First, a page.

Just as hired guns were getting used to the fact that their fees will soon be posted on the web for the world to see, federal prosecutors have made their lives a little more stressful. According to this recent article in the New York Times, they are planning to nab some of these consultants on kickback charges.
It’s illegal to prescribe treatments in return for payments from drug companies. Of course, no physician is going to admit that they do this. But anybody who has ever been involved in the unsavory business of speakers' bureaus knows that it happens all the time.
It can be rather subtle—call it “soft kickbacks.” When I was hawking Effexor for Wyeth in 2002, there was no explicit agreement that I would get more speaking gigs if I prescribed more of their drug. Not even a wink or a smile. But I knew that the company was keeping track of my prescribing history, and that it couldn’t hurt my relationship with them if I enriched by patient population with Effexor scripts. Add to this the fact that Effexor was not significantly different from several other antidepressants, and you have the right mix of ingredients for a kickback-esque situation.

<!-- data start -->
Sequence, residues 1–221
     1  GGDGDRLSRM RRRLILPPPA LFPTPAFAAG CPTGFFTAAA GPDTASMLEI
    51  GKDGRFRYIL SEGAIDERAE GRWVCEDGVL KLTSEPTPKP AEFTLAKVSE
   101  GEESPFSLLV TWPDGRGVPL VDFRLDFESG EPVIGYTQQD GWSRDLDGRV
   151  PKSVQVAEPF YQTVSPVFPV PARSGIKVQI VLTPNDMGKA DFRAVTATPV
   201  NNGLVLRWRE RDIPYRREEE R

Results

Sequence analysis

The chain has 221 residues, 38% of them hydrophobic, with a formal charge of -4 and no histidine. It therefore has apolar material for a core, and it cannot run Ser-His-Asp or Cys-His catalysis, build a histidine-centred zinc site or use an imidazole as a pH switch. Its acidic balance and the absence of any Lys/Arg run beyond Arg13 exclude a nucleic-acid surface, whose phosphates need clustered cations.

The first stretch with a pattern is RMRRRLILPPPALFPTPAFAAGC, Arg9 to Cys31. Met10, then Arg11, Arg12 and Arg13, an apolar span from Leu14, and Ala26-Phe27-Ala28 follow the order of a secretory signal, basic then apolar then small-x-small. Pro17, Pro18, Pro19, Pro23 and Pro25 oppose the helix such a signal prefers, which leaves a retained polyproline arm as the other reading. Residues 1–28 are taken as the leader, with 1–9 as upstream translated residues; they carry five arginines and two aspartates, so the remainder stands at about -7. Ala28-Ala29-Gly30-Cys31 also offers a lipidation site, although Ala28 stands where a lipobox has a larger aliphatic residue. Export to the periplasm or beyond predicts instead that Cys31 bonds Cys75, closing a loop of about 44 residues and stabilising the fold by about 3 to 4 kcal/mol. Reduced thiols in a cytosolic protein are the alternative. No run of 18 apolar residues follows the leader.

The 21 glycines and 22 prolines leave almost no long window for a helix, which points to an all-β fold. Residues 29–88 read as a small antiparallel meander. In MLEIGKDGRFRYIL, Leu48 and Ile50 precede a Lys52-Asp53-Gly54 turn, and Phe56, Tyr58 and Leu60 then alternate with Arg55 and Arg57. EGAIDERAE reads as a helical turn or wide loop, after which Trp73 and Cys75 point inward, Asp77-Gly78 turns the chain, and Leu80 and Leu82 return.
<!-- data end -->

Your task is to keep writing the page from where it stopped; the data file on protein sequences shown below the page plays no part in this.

I don’t recall consciously thinking, “I’m going to prescribe Effexor rather than Zoloft for Mr. Jones so that I can make my handlers happy.” It was more like breathing an atmosphere hypersaturated with Effexor money, Effexor thoughts, and Effexor rewards. Any doctor who chooses to put him or herself in such a situation ends up treading a line, and as the amount of money increases, the incentive to think actual kickback thoughts increases as well.
Thus, for example, when orthopedic surgeons are pulling in several million per year for consultation, immorality is highly likely to happen.
According to Lewis Morris, chief counsel to the inspector general of the Department of Health and Human Services, big ticket surgeons are going to be the target of most of these investigations. But doctors prescribing the same drugs that they help to market can’t be far behind.
Imagine this scenario: Dr. X gives Seroquel talks for AstraZeneca. Dr. X also writes plenty of Seroquel prescriptions. Patient Y becomes obese after a year on Dr. X’s Seroquel. On the web, Pt. Y finds out that Dr. X made $50,000 from AstraZeneca over the past year. Pt. Y is not happy, and there are plenty of attorneys around looking for business. Dr. X could get into serious legal trouble.
This scenario, which may have sounded far-fetched only a few months ago, should now strike fear into the hired gun’s heart, and will hopefully lead to a gradual end of this dodgy marketing practice.